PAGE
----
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Hello? Is anyone there?

It has been awhile since we’ve posted an update here. We’ve just been very heads down on development of our companion robot. The age of “personal robotics” is only just beginning and creating one is more challenging than it might seem. Creating such a platform takes much more than PC, tablet, or mobile phone, in part because there are many more components, not only on the hardware side, but also for the software. This new “personal” generation requires more autonomy and more natural interaction, and natural interaction typically means supporting spoken input. While speech technology has seen improvement over the years, it still remains a most challenging form of input, much more prone to error than keyboards and mice. Even in human conversations, recognition isn’t always 100%. Advances in speech input have only set user expectations higher. We are pleased when speech oracles like Siri, Echo, or Cortana get it right, but typically very disappointed when…

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Look Ma, no arms!

My last post was considered more newsworthy than I thought. In a recent IEEE Spectrum article (Hoaloha Robotics Developing Socially Assistive Hardware Platform), Senior Writer, Evan Ackerman made several important observations and comments that I wanted to respond to. “…but we know is that the robot will likely not include an arm at this time, because there’s no way to add one and still hit Hoaloha’s cost target,…” This is true and deserves some further explanation. Let’s start with the cost of components. A majority of conventional robot arms include six to seven servo motors to get a similar degree of movement that a human arm has. While you might be able to buy or build such an arm with basic hobby servo motors, to hold up to the load and usage patterns, you really need something of higher quality with good gearing, sufficient torque, and little backlash. Such motors…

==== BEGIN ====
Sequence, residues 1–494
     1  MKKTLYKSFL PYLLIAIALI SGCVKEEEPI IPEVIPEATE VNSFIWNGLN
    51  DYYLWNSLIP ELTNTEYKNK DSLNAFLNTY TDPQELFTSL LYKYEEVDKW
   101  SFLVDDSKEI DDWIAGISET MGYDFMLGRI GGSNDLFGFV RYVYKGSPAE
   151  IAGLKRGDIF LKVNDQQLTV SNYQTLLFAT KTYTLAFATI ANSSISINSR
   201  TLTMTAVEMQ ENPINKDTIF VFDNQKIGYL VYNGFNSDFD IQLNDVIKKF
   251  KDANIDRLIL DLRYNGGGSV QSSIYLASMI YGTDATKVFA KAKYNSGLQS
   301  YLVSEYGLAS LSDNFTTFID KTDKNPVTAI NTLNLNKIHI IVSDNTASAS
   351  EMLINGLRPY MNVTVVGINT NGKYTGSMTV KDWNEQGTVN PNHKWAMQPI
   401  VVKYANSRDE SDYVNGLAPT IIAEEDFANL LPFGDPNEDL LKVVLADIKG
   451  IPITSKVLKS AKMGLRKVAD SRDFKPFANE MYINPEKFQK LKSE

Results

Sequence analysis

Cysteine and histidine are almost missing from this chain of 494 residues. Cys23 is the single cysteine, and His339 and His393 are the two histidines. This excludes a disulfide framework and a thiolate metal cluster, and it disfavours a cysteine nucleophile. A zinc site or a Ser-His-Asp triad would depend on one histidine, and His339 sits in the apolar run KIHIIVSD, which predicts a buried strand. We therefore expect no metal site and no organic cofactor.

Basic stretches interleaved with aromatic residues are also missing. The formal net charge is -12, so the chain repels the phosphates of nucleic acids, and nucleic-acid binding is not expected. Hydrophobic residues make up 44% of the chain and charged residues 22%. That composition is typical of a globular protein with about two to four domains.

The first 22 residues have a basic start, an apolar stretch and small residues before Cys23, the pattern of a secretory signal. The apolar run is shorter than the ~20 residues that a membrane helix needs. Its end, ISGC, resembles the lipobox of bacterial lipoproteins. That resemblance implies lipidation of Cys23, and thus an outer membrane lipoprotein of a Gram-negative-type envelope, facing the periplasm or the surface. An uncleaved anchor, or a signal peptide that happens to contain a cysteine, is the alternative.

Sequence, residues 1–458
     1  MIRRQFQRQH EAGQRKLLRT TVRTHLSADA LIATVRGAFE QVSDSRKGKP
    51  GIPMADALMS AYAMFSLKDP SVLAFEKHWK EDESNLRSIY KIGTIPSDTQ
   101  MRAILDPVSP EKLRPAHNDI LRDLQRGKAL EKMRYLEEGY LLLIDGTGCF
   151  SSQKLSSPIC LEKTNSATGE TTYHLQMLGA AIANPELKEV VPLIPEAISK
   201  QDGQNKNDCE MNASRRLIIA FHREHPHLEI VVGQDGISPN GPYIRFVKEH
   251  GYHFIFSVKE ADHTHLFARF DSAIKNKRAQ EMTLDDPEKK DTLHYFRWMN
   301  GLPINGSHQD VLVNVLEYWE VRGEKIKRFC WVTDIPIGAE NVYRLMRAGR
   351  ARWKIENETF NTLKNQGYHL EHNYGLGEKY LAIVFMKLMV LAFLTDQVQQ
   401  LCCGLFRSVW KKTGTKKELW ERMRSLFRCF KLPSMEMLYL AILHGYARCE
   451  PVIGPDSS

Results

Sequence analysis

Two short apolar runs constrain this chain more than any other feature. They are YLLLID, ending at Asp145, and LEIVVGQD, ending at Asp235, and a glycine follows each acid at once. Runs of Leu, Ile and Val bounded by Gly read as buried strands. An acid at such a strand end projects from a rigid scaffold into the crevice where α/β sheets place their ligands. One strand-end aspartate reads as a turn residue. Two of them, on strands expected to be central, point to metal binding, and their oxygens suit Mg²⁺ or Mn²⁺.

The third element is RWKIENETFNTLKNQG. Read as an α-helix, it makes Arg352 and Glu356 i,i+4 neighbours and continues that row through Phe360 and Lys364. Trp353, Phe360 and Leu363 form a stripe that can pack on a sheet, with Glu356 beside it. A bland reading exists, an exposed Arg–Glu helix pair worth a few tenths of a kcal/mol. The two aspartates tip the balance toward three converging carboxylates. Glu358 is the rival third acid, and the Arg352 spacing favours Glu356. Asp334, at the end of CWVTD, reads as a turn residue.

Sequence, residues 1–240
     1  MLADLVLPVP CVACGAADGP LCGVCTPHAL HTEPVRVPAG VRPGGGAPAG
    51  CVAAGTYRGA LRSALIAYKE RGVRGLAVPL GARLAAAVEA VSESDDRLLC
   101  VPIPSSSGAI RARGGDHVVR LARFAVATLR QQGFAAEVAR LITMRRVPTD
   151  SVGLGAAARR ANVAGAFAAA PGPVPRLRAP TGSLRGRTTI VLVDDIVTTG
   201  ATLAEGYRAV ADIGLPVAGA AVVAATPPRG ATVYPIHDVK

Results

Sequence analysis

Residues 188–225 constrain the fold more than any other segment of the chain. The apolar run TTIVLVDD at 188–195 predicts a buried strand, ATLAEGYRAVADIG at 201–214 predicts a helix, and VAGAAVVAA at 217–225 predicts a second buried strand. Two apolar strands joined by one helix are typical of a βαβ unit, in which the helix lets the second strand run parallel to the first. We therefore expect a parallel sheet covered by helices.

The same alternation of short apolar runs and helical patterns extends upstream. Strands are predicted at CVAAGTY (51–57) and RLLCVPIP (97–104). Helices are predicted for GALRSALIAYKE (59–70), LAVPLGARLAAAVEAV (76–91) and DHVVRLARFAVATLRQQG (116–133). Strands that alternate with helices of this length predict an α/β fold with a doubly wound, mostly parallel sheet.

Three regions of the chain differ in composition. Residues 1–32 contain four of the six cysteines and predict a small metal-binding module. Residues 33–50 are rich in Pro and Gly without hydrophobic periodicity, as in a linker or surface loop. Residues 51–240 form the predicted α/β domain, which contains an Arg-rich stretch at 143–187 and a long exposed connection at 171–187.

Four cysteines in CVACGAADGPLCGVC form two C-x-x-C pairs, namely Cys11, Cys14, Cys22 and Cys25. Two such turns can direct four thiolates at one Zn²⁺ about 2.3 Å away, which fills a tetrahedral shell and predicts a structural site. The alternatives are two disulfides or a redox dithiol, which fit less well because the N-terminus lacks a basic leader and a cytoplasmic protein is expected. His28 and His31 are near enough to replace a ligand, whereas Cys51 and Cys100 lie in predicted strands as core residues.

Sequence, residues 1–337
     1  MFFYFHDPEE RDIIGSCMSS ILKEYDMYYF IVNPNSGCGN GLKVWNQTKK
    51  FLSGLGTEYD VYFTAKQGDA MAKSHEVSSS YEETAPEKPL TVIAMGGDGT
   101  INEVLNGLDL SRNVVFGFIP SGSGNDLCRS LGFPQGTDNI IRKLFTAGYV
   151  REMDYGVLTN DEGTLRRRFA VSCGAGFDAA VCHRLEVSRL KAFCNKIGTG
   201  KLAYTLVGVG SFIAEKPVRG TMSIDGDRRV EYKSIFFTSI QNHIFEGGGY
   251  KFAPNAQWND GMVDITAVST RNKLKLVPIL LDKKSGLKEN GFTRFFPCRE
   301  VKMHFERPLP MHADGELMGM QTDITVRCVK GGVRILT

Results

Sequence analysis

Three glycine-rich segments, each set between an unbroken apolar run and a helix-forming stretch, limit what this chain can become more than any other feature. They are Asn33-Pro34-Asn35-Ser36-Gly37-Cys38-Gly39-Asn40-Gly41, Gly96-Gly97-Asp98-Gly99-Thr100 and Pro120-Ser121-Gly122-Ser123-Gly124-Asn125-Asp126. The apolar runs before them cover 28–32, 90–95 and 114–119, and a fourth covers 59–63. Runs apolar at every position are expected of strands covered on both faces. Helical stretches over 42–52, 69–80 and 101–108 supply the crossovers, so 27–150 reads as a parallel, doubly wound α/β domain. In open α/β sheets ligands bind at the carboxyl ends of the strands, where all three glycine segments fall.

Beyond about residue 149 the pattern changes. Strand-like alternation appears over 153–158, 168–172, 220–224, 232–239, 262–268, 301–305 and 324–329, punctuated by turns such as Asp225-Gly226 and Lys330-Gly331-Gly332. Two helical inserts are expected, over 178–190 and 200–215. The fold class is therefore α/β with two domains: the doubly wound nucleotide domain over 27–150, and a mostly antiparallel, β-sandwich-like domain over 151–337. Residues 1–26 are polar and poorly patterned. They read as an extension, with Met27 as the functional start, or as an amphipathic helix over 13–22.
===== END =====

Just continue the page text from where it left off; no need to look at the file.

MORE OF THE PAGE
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We do what we must because…

I’ve received a few queries asking about our status. Blog entries are typically posted frequently by their creators, so I am a bit overdue for an update. It’s not for lack of progress, but because of it. We have been so busy at Hoaloha that it has been hard to take a break, but let me try to bring you up to date. First, we did a major shift from our original strategy. Initially I had hoped to focus purely on the software development side of the solution for two reasons: 1) there seemed to be enough challenges here and 2) there appeared to be a number of companies already working on assistive care robots so it didn’t seem necessary to invest on the hardware side. You can read about some of them such as Robosoft, who participated with their robot Kompaï in the recently concluded Mobiserv project in Europe…

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